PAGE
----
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Michaëlle Jean's emotional reunion in Jacmel Add to ...

The first tears came mid-morning, spilling out over Michaëlle Jean's dark, caramel cheeks the moment she laid eyes on the lean, sorrow-eyed girl dressed in black on Tuesday.

The Governor-General gasped and put her hands to her face, momentarily forgetting the two dozen female activists sitting before her as she stepped toward Mailé Marcelin, hugging her tightly and then pulling back to place tender kisses on both of the girl's cheeks. They stood weeping as Ms. Jean ran her fingers through the 29-year-old's hair, smoothing it with the long, comforting strokes of a practised mother.

For nearly an hour they sat together, arms entwined and hands clasped, silently sharing a common sorrow. Ms. Marcelin is the surviving daughter of Magalie Marcelin, a lawyer and activist who was killed in the January earthquake and who, as a close friend and the godmother of her daughter, occupied a special place in the Governor-General's heart.

When Ms. Jean rose to explain their story to the women gathered to sing and receive her Fanm Desidé (Creole for "women decided"), the Governor-General's voice broke for the first time since her arrival on Monday in Haiti, revealing how deeply she has felt Ms. Marcelin's loss.

The powerful emotions seemed to fuel Ms. Jean's strength as she delivered a motivational message she seemed determined to repeat often on her visit to quake-ravaged Haiti. "There is no reconstruction viable in Haiti without the women's organizations," she said. "Without including the citizens we fail. Without including the women, we fail."

Ms. Jean seemed at ease among the women, to whom she pledged $40,000 to support their programs, including medical and microfinance initiatives. She also promised continuing support from cities across Canada. When her handlers began urging her to leave, Ms. Jean lingered at the door to gaze at the crowd of women who broke into song to thank her for coming. She paused for a few moments to sing along.

"You are my family," she told them.

Outside, she resisted being marshalled into her vehicle, stopping instead to hug and shake hands with a young man she recognized from a past visit. Shifting between French, Creole and English, she told a crowd clamouring for a look at the pair that the two discussed what has to change in Haiti - selfishness among citizens and powerbrokers - to keep young people motivated.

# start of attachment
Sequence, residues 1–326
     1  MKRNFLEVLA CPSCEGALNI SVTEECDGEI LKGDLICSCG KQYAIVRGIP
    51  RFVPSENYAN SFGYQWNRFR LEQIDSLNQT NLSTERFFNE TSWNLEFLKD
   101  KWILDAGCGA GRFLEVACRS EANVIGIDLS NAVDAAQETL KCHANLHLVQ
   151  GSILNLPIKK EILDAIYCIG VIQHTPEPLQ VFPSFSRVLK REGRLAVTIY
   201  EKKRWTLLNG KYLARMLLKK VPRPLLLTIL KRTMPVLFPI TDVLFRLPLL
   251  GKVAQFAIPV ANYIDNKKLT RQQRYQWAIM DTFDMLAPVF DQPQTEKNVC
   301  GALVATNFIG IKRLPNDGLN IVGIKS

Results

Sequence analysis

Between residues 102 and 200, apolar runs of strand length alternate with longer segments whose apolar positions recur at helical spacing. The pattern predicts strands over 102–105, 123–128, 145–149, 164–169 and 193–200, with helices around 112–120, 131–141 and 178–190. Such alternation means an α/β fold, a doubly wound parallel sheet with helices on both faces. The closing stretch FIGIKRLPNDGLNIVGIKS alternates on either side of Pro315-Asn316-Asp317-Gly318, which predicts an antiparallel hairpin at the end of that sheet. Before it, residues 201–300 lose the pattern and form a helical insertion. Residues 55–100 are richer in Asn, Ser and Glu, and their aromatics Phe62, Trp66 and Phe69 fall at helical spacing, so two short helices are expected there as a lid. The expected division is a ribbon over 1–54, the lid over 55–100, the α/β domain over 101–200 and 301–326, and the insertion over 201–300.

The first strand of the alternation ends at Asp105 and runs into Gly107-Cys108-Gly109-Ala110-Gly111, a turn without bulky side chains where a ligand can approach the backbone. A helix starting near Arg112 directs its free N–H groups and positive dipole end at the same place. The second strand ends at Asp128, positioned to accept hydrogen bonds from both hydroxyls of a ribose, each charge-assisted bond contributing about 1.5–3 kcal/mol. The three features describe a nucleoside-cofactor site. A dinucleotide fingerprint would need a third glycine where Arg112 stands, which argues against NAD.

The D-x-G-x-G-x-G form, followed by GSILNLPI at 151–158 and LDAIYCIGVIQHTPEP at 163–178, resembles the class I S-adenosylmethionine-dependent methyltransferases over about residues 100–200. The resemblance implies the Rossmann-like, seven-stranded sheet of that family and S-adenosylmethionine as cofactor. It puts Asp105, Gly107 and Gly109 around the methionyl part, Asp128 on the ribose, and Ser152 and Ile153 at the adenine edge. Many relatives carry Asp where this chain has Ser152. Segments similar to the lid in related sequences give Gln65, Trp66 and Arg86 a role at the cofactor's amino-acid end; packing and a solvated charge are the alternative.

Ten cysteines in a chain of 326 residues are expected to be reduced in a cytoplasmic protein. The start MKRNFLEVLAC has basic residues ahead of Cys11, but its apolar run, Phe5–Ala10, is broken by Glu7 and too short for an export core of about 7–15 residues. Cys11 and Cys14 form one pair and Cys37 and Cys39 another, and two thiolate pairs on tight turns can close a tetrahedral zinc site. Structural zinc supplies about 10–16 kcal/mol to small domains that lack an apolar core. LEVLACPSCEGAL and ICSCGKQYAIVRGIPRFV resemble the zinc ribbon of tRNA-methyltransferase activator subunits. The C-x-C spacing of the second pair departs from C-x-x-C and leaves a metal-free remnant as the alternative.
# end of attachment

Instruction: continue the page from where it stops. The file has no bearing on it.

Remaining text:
"We stayed friends," she said, gazing at the young man. "We have always stayed friends."

Ms. Jean made a brief stop at the Canadian Forces' dockside medical clinic to thank the medics and other soldiers who have staffed it for nearly two months. The walk-in clinic, which closed Tuesday, has treated more than 10,000 patients since the earthquake.

Wearing dark pants and a casual olive blazer, Ms. Jean was composed and gracious during her time with the military.

But it was while she was drawing a crowd and causing downtown traffic to stand still, her hand firmly clasped in the palm of a smitten cousin while the arm of another draped over her shoulder, that the Governor-General began to look gleeful, as if she felt at home again in Jacmel.

On a walking tour she insisted - despite a tight schedule and her security team's resistance - on moving through some of the city's most heavily damaged streets, Ms. Jean seemed unfazed by the blazing noontime sun or the chaos created by jostling street merchants, wandering livestock and erratic motorbikes. She happily accepted a portrait painted by Garraud Reginald, a local artist who scrawled his phone numbers on the back of his canvas.

Ms. Jean's face bore a blissful look as she strolled from the town square to the front step of a tiny tin-roofed home a few blocks from the square where she spent her childhood vacations.

There, she ignored the circle of bodyguards surrounding her, pulling old friends and cousins through the ring of security men to embrace them and shake their hands.

Strolling arm-in-arm with some of them on an unscripted walk, she seemed oblivious to the fact that military and RCMP officers were working hard to block off the nearby streets.

"I feel like I'm floating," she said, the crowd around her growing steadily. "Like I've got wings."

The moment faded as Ms. Jean was taken to the airport and a military helicopter that would take her back to Port-au-Prince. As it lifted off, signalling the approaching end of her two-day visit, Ms. Jean buried her head in her hands and began to sob.

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